Feds act to stop cyber-bullying, whatever it is, at some future point
Bill to establish Children’s e-Safety Commissioner boosts education funds by $7.5m
Australia's Communications minister Malcolm Turnbull, and his parliamentary secretary Paul Fletcher, have jointly announced that it is working on legislation to allow the appointment of a Children’s e-Safety Commissioner.
The Commissioner will oversee “an effective complaints system, backed by legislation, to get harmful cyberbullying material that targets Australian children removed from large social media sites.”
But The Reg has learned that the government currently has no working definition of “cyber-bullying”. We asked Paul Fletcher's office how the term if there is “an existing definition for 'harmful cyberbullying material' the Minister proposes should be adopted in the bill?” The response was as follows:
“The definition of harmful cyberbullying material is still to be determined. It is being carefully considered as part of the drafting process.”
There's also some malleability in the language the announcement uses to describe when the Bill will be introduced. The announcement says the government “is preparing legislation … to be ready for introduction to Parliament by the end of the year.”
We asked Fletcher's office if that describes an intention to table the Bill in Parliament by year's end or an intention to complete drafting by the time the calendar ticks over to 2015.
By Vulture South's count, 19 Parliamentary sitting days remain in 2014. With controversial national security and budget bills still to pass the Parliament, it is unclear if the children's online safety bill will make it to the floor this year.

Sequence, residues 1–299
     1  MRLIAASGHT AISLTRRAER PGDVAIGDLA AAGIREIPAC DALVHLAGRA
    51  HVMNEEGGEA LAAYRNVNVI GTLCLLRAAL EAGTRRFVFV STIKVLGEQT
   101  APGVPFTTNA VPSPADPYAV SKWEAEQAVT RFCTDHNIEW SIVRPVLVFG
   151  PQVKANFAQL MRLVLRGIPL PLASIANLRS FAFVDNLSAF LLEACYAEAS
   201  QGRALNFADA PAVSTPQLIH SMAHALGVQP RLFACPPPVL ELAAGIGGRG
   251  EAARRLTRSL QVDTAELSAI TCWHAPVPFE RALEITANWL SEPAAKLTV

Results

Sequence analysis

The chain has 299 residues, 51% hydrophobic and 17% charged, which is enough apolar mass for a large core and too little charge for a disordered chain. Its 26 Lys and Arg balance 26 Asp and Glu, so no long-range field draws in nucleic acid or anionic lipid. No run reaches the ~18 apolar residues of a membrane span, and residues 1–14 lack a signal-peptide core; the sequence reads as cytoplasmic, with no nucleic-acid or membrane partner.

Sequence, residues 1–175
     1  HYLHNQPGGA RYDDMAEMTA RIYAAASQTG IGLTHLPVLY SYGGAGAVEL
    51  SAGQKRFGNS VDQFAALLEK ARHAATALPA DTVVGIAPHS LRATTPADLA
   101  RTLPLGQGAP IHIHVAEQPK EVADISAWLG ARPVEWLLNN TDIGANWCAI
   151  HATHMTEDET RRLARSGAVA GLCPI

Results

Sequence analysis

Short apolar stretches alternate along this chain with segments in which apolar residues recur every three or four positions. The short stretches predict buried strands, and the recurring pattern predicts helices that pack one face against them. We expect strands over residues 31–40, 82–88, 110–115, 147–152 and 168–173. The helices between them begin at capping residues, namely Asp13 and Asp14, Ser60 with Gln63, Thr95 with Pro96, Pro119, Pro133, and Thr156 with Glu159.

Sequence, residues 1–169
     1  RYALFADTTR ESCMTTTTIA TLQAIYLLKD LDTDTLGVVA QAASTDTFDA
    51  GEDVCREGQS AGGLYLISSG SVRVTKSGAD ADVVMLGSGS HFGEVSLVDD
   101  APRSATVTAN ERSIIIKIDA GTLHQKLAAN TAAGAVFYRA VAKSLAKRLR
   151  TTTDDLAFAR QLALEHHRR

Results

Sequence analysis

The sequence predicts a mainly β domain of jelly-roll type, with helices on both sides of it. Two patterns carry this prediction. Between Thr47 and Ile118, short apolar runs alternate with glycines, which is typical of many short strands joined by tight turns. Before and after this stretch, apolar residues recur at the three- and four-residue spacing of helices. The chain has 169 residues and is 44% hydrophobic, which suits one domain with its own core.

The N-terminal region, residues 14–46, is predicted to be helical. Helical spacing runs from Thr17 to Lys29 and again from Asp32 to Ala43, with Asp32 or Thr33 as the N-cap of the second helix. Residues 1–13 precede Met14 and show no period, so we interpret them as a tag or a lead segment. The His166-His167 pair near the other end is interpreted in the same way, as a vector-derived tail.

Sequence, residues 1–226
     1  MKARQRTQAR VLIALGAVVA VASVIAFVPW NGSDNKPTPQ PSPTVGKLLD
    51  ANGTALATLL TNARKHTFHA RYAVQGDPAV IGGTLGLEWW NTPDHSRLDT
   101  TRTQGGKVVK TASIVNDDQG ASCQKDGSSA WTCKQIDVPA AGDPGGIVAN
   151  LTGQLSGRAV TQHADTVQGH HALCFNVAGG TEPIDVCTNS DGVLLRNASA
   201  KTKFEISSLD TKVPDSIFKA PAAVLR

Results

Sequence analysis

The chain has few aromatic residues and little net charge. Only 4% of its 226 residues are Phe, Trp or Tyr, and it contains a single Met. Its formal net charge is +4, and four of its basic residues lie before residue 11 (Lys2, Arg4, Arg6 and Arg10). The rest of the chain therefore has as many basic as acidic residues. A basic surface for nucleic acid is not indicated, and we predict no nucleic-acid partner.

If it does not, it will delay delivery of an additional $7.5m in funds “for the delivery of certified online safety programmes in primary schools” that the new Commissioner will oversee in addition to existing education programs delivered by the Australian Communications and Media Authority.
There's also another $100,000 “to support Australian-based research and information campaigns on online safety.”
The takedown scheme's first step will require complainants to report bullying material to a social media site. “If a site receives a complaint and acts on it promptly, there will be no need for the complainant to go to the Children’s e-Safety Commissioner – and the scheme will have no impact at all on the operation of the site’s normal processes,” we've been told.
If the site does nothing, the Commissioner “may issue a notice to the participating social media site to remove the cyber-bullying material.” The Commissioner will also be able to order the creator of bullying content to take it down, with Section 474.15 of the Commonwealth Criminal Code prohibiting “Using a carriage service to make a threat”. ®